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Invisible Worlds for flute & piano

Nicholas S. Omiccioli 2009


Invisible Worlds for flute & piano Special Notation & Fingering Diagram

&

short note duration

œ  

ad libitum chromatic pitches (as fast as possible)

&

                 

long note duration

˙  

repeat pitch

alternate pitches oscillando

œ                

œ œ              

number of notes unimportant

— \ \ J

highest note possible

improvvisando (use figure as a guide)

             

harmonic

# œo  

 

fermati

duration indicated in seconds

Bb

B

C A

Trill Bb G# ° damper pedal G ° II. sostenuto pedal F Trill D ° III. una corda pedal E ( °) continue holding pedal from previous page or system Trill D# D duration and cut-off indicated by line ° D# dotted line shows sonority held in sostenuto pedal, solid line shows duration and cut-off ° II.

C# C B

2

breve

quick breath less than1"

short pause 1-2'' max!

long pause 3-5" recommended

1 4

3

5 6 7 8 9 10

œ                

quarter tones

lunga

,

mmmm

ritardando

œ                

number of notes unimportant

number of notes unimportant

Pedal Markings

accelerando

Bœ less flat -ormore flat

Other Markings Any additional special notation is described in the score when it occurs

µœ less sharp -ormore sharp


Program Notes: Invisible Worlds is a dramatic work for flute and piano that was inspired by the eternal darkness of the deep ocean. More information is known about our moon than this arcane habitat. At just under a mile below the surface of the ocean, the only visible light is that produced by the creatures that reside within these waters. This region of the ocean is called the Bathypelagic Zone and sometimes referred to as the midnight or dark zone. At this depth, water pressure can reach levels close to 6,000 pounds per square inch making research difficult, if not, impossible. This zone only makes up the top third layer of the ocean. Venturing deeper toward the trenches promise no shortage of life and yield a vastly unexplored landscape...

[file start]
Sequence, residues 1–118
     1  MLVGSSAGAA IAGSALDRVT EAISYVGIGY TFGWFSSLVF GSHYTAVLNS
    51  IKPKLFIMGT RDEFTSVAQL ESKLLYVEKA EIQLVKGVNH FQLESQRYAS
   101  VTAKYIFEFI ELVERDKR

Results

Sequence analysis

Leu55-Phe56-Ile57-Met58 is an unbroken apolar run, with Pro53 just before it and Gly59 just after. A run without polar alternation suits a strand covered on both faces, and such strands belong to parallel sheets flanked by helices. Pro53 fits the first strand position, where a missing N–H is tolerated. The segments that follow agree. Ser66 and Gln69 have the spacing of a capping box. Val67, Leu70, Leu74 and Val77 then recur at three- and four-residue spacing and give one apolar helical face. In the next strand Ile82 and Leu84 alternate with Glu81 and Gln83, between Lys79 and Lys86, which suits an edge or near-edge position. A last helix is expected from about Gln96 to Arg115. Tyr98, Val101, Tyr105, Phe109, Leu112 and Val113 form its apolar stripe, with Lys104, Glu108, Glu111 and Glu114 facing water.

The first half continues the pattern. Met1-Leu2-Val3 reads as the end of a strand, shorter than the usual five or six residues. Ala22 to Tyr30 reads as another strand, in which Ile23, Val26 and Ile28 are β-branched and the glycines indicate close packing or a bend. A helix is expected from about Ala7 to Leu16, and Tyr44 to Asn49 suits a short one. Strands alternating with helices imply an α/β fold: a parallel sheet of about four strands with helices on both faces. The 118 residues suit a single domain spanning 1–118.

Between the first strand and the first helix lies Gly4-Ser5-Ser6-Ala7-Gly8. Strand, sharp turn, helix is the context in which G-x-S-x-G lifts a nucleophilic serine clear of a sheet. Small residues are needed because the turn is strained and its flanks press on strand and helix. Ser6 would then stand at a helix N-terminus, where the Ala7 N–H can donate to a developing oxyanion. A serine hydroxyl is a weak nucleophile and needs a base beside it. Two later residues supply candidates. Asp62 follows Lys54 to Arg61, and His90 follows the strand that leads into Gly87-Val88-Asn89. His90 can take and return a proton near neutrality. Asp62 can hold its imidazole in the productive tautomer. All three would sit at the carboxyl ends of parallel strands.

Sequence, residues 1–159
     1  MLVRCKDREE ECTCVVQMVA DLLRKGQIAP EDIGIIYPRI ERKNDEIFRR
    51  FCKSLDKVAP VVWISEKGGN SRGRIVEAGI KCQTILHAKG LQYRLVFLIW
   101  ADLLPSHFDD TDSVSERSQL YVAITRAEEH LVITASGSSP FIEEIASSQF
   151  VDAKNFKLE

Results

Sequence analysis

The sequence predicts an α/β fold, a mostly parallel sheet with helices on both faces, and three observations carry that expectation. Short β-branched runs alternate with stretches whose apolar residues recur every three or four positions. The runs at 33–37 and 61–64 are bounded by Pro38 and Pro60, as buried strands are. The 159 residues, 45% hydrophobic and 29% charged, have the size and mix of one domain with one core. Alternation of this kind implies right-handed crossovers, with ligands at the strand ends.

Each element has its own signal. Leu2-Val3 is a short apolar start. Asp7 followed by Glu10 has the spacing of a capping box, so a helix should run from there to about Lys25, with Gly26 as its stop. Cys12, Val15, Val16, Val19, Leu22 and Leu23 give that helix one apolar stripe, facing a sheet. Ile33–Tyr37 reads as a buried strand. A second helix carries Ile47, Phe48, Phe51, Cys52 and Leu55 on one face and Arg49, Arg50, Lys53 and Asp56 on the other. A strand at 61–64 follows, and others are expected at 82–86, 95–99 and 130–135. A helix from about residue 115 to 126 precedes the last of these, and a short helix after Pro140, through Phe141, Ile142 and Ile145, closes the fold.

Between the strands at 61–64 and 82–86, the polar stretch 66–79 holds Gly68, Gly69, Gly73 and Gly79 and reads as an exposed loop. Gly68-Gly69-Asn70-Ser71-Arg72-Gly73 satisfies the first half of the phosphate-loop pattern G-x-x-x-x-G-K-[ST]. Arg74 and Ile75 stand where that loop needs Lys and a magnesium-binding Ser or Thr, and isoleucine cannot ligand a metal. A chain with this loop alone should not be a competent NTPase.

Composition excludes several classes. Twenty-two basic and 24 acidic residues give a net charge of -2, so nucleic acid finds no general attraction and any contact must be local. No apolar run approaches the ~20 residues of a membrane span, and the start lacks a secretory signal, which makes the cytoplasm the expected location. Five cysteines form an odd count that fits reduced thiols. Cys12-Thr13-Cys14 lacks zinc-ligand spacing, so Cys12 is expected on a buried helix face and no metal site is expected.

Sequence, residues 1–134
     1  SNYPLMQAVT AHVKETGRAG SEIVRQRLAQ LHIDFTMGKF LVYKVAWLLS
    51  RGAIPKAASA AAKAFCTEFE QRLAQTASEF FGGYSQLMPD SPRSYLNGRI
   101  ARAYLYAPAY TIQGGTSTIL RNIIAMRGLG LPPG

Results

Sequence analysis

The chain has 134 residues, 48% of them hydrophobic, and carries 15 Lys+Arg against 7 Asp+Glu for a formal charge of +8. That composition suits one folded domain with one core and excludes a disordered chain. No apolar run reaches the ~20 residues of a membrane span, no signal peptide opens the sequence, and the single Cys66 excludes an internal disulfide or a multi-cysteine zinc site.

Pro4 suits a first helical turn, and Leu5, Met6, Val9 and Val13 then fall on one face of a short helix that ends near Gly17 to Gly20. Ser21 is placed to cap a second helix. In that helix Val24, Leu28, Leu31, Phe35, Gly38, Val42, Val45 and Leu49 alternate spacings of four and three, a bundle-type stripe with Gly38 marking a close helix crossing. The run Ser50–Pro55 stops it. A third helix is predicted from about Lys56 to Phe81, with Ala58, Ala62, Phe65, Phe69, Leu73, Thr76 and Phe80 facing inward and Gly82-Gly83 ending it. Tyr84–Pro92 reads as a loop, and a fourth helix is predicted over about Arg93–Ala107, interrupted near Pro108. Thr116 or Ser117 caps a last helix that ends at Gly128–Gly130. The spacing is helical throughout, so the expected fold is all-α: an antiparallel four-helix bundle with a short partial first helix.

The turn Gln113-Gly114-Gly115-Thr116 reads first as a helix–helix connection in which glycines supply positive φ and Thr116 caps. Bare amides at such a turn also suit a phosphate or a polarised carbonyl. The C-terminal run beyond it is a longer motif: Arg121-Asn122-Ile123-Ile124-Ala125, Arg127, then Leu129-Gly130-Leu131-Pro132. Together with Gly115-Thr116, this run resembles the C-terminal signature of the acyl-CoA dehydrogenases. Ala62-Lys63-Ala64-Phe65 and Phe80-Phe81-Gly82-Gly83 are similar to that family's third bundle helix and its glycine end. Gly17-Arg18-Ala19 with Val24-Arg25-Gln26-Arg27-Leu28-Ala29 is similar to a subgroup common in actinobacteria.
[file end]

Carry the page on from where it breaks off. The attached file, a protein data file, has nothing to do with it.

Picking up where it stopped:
Performance Notes: Measure lines have been removed in all but a few sections. A single verticle line is used to show when it is crucial that the parts align with one another. Pitch bends not indicated with fingerings should be produced through the embrouchure. It is recommended that the flute direct it's sound into the piano for the entire piece, however, due to the size of the score and number of pages, the player could attach a few pages, vertically stacked, to a piece of cardboard or play from a reduced score size. If this is not possible, the flute should play into the piano from the beginning through rehearsal A, rehearsal D to E, and lastly from rehearsal G till the end. The pedal markings should be closely observed. The composer wishes to produce an atmospheric-like background. The use of visual cues and interactions are crucial and encouraged Both players play from the score


Fingering Chart  

Fingering Chart

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